The adult green paper proposed that care brokers or navigators should help people buy their own care. Martin Green and Ray Jones argue for and against this role being carried out by existing care managers
Martin Green, chief executive, English Community Care Association
The white paper, Our Health, Our Care, Our Say, sets a new direction for health and social care and puts the user at the centre of the system. This approach challenges the way in which we have delivered services and particularly challenges the central relationships between user, commissioner and provider.
There is a need for independent advocacy that will enable users to make informed choices and there is a need to separate the role of assessment from that of commissioning and provision. If we are going to have real independence and accountability we need to separate and clarify the different elements. I do not believe that this will be achieved until care managers are outside local authority control.
We need a new approach to individual commissioning and advocacy where the commissioner responds directly to the user and is accountable to the user. This would lead to a situation where users received the services they wanted rather than having to conform to a particular philosophy. It would be for commissioners to respond to user need and preference, not to political dogma. In this approach we would hope to see some creative thinking and commissioners buying services, some of which may not just be health and social care.
The problem with the system now is that social workers tend to think only in terms of health and social care.
We need commissioners who can think laterally and creatively and we need a system that is independent from the assessing authority. If this service develops we will also need to ensure that it is both qualitative and accountable and it is for this reason that it should be regulated. I would propose that the Commission for Social Care Inspection, and then the merged commission, would do this, but would base the model of regulation on the Financial Services Authority regulatory framework for independent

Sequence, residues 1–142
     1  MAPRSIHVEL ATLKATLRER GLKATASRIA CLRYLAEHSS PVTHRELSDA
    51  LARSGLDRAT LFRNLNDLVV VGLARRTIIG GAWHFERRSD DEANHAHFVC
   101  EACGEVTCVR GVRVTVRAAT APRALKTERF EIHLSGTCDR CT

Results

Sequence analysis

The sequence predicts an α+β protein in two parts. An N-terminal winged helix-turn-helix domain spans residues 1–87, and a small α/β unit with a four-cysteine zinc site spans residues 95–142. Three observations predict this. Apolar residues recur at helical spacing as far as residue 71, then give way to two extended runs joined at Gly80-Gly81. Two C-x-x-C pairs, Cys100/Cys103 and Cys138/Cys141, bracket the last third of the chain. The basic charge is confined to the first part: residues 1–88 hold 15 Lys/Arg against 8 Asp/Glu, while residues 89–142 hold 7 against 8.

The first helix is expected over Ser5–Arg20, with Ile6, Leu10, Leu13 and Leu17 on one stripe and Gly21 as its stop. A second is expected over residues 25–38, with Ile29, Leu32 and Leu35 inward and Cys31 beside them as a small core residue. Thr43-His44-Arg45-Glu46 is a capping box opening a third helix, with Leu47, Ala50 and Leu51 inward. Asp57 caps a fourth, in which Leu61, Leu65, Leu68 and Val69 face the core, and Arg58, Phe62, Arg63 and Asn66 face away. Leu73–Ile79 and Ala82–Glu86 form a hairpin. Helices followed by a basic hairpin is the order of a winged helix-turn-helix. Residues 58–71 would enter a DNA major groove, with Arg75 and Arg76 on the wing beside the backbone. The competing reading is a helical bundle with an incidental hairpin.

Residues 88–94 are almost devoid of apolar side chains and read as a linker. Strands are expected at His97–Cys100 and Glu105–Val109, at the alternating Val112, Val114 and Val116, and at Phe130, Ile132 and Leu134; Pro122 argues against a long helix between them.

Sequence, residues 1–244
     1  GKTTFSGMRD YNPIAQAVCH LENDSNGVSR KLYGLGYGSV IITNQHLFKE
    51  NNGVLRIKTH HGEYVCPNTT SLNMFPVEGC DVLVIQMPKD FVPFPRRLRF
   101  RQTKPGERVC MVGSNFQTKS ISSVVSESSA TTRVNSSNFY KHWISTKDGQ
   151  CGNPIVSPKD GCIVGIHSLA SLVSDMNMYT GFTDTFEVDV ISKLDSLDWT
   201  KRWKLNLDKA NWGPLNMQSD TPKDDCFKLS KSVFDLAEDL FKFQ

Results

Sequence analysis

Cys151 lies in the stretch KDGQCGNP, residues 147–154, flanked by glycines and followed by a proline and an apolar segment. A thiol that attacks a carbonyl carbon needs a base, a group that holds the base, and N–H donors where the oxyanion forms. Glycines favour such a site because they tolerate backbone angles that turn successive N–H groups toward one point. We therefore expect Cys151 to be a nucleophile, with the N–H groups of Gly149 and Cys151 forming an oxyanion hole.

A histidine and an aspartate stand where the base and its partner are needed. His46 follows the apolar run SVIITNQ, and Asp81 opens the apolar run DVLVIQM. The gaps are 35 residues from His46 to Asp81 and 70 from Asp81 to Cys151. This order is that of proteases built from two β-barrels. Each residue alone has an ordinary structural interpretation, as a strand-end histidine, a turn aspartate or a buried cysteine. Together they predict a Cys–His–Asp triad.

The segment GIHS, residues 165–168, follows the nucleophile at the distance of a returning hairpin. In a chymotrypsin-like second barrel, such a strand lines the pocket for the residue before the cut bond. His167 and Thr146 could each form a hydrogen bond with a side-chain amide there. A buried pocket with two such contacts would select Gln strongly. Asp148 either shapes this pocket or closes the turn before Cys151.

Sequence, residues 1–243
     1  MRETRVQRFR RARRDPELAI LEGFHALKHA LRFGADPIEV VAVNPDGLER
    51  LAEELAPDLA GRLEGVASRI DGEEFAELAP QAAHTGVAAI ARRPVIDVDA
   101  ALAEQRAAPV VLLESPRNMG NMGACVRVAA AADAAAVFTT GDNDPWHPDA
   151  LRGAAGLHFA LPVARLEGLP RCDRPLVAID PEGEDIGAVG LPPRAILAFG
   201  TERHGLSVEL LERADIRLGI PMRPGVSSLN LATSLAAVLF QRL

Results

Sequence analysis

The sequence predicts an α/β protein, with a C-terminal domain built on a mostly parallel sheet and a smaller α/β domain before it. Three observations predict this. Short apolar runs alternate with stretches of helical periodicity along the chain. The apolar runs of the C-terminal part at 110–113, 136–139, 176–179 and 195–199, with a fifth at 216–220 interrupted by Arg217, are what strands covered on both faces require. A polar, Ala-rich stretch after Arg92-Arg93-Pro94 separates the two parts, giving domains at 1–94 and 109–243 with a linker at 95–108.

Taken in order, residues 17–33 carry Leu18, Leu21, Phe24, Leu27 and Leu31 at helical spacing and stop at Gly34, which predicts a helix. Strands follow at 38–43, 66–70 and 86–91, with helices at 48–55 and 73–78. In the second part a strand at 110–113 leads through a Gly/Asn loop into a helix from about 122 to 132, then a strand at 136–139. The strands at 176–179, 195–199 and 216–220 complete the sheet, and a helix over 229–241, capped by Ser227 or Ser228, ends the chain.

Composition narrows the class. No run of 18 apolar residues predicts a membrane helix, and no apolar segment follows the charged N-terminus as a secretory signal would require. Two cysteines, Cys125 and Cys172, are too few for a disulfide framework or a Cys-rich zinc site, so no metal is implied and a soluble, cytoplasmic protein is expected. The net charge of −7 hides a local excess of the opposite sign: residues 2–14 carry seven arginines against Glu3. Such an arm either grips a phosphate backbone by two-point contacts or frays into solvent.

The white paper and the general direction of policy will force some radical changes in our structures if we are to deliver more user-focused services. A new approach to commissioning is needed and I do not believe the current structure or personnel will deliver it.
Ray Jones, chair, British Association of Social Workers
Making independent advice and brokerage available is one thing: making it affordable and accountable is another.
Setting up new arrangements to provide advice and assistance separate from the need assessment – which is always likely to ultimately remain with the allocators of (scarce) resources, the local authorities – will be an additional cost. It is also likely to duplicate the discussion that will still need to take place with the local authority’s social workers and occupational therapists.
When money, time and knowledge are limited, building additional costs reduces the resources available for providing or buying assistance.
Separating the strategic planning and commissioning of services and assistance from the direct discussions with disabled and older people risks leaving the commissioners less informed about clients’ aspirations and wishes.
If the brokerage role is left with independent agencies and individual advocates, new arrangements to ensure competence, quality, probity and accountability must be established. And it is important that provider interests, or personal worker bias and fad, do not dominate the “independent” advice and then the assistance received by disabled and older people.
The Financial Services Authority model is not reassuring, with the recent scandals of pensions, investment and insurance mis-selling. And independent financial advisers do not come cheap.
We need commissioners, front-line social workers and other colleagues who listen to disabled and older people; who stay close to them at times of change, crisis and trauma; and who use their skills to help them attain choice and control.
Yes, we need more lateral thinking and we also need community development to allow disabled and older people greater access to more opportunities. Perhaps we should be championing good professional and organisational practice which is facilitating rather than setting up additional organisational arrangements at extra cost.
And perhaps we need stronger alliances between disabled and older people and social workers and others to seek to make the resource pool larger and to ensure that this pool includes the community and commercial services often denied to disabled and older people.